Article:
New Year’s Eve: fun traditions around the world.

Via on Dec 30, 2008

How are you choosing to have fun this New Year’s Eve?

Tradition has kept community awareness alive, don’t you think? Observe what is that you repeat every end of the year to symbolize the end of the old and the beginning of the new. Regardless on when the calendar of your choice marks the New Year (Calendars almost always were design to honor the change of the seasons and celebrate the harvest ~ ofcourse Julio Cesar ~ who order the gregorian calendar ~ was thinking of himself so He added August in honor of his second name, Augusto, and created the leap year to make the adjustments necessary ~ which you can obviously notice in the “out of synch with natural cycles” time we follow through this worldly calendar ~ anyway, that is another article you can count on reading soon).

So, New Year’s Eve tradition…

Spain: Invite some friends for a late dinner. In Spain, that’s 9 p.m. at the earliest! Before midnight, bring out the dessert — bunches of grapes. Eat one grape with each toll of the midnight bells. This old tradition is thought to bring good luck.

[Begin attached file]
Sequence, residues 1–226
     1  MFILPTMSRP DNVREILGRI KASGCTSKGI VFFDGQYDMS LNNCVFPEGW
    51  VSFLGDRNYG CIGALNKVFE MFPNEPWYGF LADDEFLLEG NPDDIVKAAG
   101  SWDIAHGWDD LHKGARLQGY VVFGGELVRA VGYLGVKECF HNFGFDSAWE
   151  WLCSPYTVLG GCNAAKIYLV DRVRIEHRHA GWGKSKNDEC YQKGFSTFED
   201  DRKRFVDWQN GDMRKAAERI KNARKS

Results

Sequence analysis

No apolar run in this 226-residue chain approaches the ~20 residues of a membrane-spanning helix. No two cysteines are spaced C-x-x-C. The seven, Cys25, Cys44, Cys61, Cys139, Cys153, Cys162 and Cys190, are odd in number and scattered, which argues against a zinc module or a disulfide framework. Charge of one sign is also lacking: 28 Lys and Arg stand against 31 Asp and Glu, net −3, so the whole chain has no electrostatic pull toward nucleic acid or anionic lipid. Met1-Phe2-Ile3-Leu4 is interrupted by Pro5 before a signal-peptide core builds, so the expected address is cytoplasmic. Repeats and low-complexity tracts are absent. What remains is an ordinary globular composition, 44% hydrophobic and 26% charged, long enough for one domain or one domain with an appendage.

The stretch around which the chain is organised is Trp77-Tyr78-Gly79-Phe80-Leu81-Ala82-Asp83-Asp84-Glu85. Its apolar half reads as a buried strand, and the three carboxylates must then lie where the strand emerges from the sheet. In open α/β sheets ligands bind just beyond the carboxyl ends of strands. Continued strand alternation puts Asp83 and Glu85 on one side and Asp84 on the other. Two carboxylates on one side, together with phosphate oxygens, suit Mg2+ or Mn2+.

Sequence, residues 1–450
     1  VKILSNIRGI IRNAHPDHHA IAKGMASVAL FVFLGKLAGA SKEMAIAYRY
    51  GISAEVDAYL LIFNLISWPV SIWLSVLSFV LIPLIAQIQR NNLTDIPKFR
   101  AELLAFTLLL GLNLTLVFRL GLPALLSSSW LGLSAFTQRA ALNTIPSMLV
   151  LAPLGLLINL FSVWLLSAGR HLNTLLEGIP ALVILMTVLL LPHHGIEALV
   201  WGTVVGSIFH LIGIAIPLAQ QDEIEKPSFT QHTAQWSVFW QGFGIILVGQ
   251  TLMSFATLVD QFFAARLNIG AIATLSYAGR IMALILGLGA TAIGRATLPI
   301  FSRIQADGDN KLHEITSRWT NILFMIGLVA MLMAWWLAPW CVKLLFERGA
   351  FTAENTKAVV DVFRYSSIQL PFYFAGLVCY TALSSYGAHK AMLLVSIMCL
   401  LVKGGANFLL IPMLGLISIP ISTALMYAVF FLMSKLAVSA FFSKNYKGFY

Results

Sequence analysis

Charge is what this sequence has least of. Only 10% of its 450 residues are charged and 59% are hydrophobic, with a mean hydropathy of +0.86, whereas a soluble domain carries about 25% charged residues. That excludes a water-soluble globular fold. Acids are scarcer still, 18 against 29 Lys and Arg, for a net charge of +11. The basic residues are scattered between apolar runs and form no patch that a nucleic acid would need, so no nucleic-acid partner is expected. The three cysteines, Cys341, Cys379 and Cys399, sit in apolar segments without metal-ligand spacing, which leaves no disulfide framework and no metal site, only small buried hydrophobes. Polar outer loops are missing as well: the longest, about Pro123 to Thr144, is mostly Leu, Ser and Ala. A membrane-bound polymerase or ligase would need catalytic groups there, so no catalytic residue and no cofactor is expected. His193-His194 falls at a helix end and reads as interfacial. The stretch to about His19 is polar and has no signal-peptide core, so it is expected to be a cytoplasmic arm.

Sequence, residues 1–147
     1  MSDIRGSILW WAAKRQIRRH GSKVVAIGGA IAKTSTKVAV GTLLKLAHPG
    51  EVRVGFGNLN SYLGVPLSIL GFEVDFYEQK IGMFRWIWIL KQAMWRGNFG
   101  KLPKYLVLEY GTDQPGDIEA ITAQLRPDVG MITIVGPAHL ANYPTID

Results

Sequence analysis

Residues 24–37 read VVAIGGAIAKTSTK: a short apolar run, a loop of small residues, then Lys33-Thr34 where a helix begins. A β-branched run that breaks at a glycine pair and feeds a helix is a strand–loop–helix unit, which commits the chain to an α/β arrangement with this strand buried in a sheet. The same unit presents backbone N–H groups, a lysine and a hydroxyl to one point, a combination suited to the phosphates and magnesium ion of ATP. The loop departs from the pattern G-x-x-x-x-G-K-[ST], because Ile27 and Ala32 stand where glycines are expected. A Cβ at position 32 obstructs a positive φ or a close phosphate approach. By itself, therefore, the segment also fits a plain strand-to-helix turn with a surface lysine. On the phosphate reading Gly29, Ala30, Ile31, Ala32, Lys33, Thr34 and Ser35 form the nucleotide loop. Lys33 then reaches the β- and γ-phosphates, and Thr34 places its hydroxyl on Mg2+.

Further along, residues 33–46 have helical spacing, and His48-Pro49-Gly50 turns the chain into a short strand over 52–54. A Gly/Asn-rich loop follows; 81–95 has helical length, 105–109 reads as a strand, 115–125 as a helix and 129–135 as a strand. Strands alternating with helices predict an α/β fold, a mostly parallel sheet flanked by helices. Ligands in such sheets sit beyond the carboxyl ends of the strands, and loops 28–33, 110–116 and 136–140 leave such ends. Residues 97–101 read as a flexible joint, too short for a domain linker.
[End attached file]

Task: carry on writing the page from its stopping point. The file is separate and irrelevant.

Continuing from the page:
Mexico: Like in Spain, we cook, we eat, we drink and celebrate eating one grape with each toll of the midnight bells. And adding to the good luck, we wear new red underwear, broom out of the house any negativity, throw a glass of water out so no tears are shed in the new year and go out running like crazy (Because all this has to be done in the first minute of the new year!) in the street with a suitcase in your hand so you travel the new year! I LOVE IT.

Colombia: In Colombia  South America, it’s a tradition to make a dummy representing the Año Viejo (the old year). It’s made out of bits of old clothing from each family member and stuffed with straw and firecrackers. On a piece of paper, every family member writes a fault or a bit of bad luck that they want to get rid of. Exactly at midnight, Año Viejo is set on fire and burns until nothing but ashes is left. That’s when all of the old year’s bad luck and faults disappear.

Greece: It’s a Greek tradition to serve Vasilopita (New Year’s Bread) at midnight. Vasilopita bread is baked with a coin or charm hidden inside. The head of the household cuts the bread exactly at midnight and whoever receives the piece with the coin will have good fortune throughout the year.